And Philippa agrees, stating that alternative means of dispute resolution is always preferable “because litigation can be expensive and time consuming and is a distraction from the business”. Further, she adds that “if the key players in the business spend time on litigation the business will suffer as a result and the assets of the business start to dwindle as more and more money is spent on legal fees”.
This point is taken up by David. He suggests that if the family doesn’t want to bear the cost of mediation that an alternative “is an independent, respected, family-related ﬁgure – perhaps a trusted family lawyer or accountant, who may already be a non-executive director”. But as he explains, “the parties need to be in a frame of mind to mediate for this to have a chance of success. We have worked on family business disputes where mediation was being attempted at the same time as some protagonists were taking it upon themselves to shout at each other on their doorsteps late at night in earshot of their children. Needless to say, mediation was not successful.”
For Philippa, one prime beneﬁt of mediation is that it will be felt outside of the practice – “it serves to preserve the family relationships [precisely] because it is a less aggressive approach to resolving the dispute”.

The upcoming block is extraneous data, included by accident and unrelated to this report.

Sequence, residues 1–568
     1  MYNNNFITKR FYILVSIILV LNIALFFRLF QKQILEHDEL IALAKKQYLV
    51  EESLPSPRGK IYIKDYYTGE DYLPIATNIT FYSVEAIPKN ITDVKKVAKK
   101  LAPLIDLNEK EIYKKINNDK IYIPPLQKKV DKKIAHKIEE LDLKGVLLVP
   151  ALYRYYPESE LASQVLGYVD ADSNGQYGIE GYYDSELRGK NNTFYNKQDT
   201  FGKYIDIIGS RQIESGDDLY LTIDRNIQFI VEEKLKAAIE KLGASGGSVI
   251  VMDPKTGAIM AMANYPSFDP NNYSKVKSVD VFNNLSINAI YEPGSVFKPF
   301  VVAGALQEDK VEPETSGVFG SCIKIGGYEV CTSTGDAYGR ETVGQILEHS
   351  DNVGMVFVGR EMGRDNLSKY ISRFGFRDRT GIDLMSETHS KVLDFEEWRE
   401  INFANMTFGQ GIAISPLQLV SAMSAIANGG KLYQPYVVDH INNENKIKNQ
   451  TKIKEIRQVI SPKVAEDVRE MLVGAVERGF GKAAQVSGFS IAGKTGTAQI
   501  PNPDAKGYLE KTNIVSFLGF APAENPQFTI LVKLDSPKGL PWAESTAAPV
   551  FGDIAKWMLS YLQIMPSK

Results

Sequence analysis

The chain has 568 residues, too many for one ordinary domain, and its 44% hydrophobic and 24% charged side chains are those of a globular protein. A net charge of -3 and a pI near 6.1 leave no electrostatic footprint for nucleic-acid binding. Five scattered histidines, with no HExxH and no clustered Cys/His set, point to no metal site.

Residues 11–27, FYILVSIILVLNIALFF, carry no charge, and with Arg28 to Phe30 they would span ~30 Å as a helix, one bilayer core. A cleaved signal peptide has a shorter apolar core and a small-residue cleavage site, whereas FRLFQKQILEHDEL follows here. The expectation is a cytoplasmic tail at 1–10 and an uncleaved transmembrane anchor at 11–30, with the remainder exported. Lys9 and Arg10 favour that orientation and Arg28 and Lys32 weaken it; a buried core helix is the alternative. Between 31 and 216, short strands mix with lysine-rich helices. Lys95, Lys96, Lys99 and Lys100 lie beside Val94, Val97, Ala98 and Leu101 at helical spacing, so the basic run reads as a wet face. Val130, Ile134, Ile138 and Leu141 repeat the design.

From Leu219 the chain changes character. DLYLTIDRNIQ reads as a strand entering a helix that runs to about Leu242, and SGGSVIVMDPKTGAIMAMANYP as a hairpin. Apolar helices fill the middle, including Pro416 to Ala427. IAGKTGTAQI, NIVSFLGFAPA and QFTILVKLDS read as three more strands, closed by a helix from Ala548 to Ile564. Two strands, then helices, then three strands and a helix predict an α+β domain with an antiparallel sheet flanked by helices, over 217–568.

But before embarking on mediation, she emphasises that it’s important for the parties to know what their legal position is and the strength of that position. “Sometimes,” she says, “individuals can have a skewed view or perspective of their own case, especially when emotions are involved, and this is not helpful for mediation because parties become entrenched in their position.” She believes that by knowing, for example, that a court may not agree with a party’s position from a legal perspective (that it is weak), they will go to mediation with an open mind.